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The Jackie Gleason Show
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TV Series
    (June 4, 1949-September 12, 1970)
    Saturday night variety show
    Perfomed Live at the CBS Studio 50 Backlot in New York City
    Produced and Hosted by Jackie Gleason (1950-1970)
    Originally 'Calvacade of Stars' (Hosted by Jack Carter and Jerry Lester)
    Aired on DuMont (1949-1952), later CBS (1952-1955; 1956 - 1957; 1958 - 1959; 1962 - 1968; 1968 - 1970)
    Music performed by Ray Bloch and His Orchestra (1952 - 1959); later Sammy Spear & His Orchestra (1962-1970)
    Regulars included Frank Fontaine, The June Taylor Dancers, Pert Kelton, Ethel Owen, George Petrie, Ginger Jones, Frank Marth, Les Damon, Zamah Cuningham, Sue Ane Langdon, (and of course Carney, Meadows, and Randolph)
    Skits featured original characters such as Reginald Van Gleason III, The Kramdens, Joe the Bartender, The Poor Soul, Rudy the Repairman, and Rum-Dum
    Generated the first major TV spin-off in The Honeymooners from the popular 'Kramden' sketches (1955)
    Popularized the catchphrases 'And awa-a-aay we go!' and 'How sweet it is!'
    Gleason liked to do his opening monologues in a bathrobe.
    Its star famously was denied an Emmy throughout the show's entire extended run.
    Barely any footage of the show's Dumont days, let alone with the two hosts who preceded Gleason, remains.
    It has a very confusing broadcast history, as Gleason continuously pulled the plug on it to pursue other endeavors (it would return every two years, each time in different incarnations/formats).
    Pert Kelton's appearances on the program became less frequent after she was blacklisted, although the public reason stated was that she left for health reasons.
    It was blamed for the box office failure of a Debbie Reynolds/James Garner movie by the same name, allegedly because attendees got up and left the theatre when they saw Gleason wasn't in it (ironically, the line didn't even originate on the show, but was first said by Gleason in a film called 'Papa's Delicate Condition').
    When Art Carney took a break from the show during the 1956-1957 season, they tried bringing Buddy Hackett in as a replacement 'second banana' but the chemistry was lacking, and it was unceremoniously cancelled in January of 1959.
    Two years later, in 1961, it reemerged as a game show titled 'You're in the Picture.' After a single (disastrous) episode, it switched to a talk-show format, which collectively lasted barely eight shows.
    Later seasons marked several changes, including production being relocated to Miami, and the introduction of 'The Glea Girls' (who did nothing more than 'look good' and introduce the next skit).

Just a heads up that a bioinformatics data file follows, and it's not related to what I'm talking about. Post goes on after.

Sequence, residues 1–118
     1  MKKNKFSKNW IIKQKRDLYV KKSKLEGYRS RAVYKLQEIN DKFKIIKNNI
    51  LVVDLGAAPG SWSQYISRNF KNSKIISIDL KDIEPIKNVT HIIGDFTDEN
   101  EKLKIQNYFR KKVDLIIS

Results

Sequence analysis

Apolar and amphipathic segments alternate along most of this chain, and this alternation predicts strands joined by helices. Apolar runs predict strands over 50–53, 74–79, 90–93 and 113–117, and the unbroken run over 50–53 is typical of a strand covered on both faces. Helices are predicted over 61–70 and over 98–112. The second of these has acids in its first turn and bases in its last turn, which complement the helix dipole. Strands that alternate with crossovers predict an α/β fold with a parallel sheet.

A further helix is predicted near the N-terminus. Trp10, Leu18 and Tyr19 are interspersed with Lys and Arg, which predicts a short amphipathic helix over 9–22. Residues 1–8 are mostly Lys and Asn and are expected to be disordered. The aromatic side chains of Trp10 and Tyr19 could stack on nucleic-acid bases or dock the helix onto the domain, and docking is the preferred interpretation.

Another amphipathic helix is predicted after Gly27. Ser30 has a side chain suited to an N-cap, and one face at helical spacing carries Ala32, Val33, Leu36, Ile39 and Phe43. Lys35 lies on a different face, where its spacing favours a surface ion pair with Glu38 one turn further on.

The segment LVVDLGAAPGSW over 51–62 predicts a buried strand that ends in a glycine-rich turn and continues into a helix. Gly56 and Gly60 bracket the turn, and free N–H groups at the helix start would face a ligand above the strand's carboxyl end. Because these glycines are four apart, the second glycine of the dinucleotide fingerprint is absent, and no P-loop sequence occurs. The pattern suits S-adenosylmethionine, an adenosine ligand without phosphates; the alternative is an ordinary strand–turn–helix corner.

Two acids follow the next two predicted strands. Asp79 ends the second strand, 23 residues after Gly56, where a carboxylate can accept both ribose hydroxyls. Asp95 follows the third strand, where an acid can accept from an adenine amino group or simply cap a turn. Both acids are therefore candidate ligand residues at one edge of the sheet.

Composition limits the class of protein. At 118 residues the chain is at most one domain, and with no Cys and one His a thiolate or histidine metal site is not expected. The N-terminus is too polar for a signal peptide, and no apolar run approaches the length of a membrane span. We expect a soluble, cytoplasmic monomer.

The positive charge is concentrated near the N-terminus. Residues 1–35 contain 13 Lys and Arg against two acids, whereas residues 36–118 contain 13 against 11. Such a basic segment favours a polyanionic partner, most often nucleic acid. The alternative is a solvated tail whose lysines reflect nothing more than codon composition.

The show's brand suffered in the late 60s when Gleason went on a much-publicized diet, his weight loss ruining punch-lines which had for so many years revolved around 'fat jokes.'
    The news that a vault of 'lost episodes' of The Honeymooners had been uncovered was reported to much fanfare, but they turned out just to be recycled sketches from the 'Gleason Show,' many of which were just earlier templates for the better known half-hour episodes (Feb. 6, 1985).
    Its popularity earned Gleason the nicknames 'Mr. Saturday Night' and 'The Great One.'
    It marked the TV debut of a young Johnny Cash in a 1957 episode.
    It won Emmys for Best Supporting Actress (Audrey, in 1955), Best Supporting Actor (Art Carney, 1954, 1955), and for Choreography, in 1955.
    It came the closest to breaking the stranglehold of I Love Lucy in the overall ratings, finishing at #2 in the 1954–1955 Nielsen Ratings.
    The show's popular 'Melancholy Serenade' was composed by Gleason himself (much of the original instrumentals in the sketches were also written by him as well).
    A 1981 20/20 special on Gleason reported that statistically both grocery store sales and traffic declined sharply on Saturday nights when the show was on (the bar-owner next to the studio attested to lines stretching around the block, with getting tickets to the show being 'harder than getting to see the President').
    Jackie Gleason became the first major television personality to use the term 'Super Bowl' in reference to the AFL-NFL World Championship Game, when he concluded a program urging viewers to tune in the following night to watch the inaugural Packers-Chiefs game (Jan. 14, 1967).
    Elaine Stritch and Alice Ghostley both started out doing skits on the show (Strich was the original 'Trixie Nortion,' while Ghostley did a bit sketch called 'Agnes & Arthur').
    Skits very often had a self-parodying streak (e.g. having the 'Honeymooners' characters interact with the actors who played them; doing a British version of the program with the opening line 'Let's Be Off').
    The 'Kramden' sketches were wildly popular in their own right, and Gleason was known to prefer the skits because they weren't limited to the half-hour format.
    One 1955 sketch, 'The Adoption,' in which the birth mother of a child Ralph/Alice have adopted decides she wants her baby back, generated an unprecedented emotional response from viewers (it was so powerful that a friend of Audrey Meadows' even called offering her legal counsel in a custody battle, before realizing that it was 'just a television show').
    A majority of his show's characters were based on real-life figures from Gleason's childhood in Brooklyn (e.g. Joe the Bartender was based on the father of a boyhood friend, although the Poor Soul and Reggie Von Gleason were old Vaudeville acts of Gleason's). The pathos attributed to each individual character was almost unprecedented for television.

Credit: BoyWiththeGreenHair


    For 2018, as of last week, Out of 9 Votes: 44.44% Annoying
    In 2017, Out of 87 Votes: 55.17% Annoying
 
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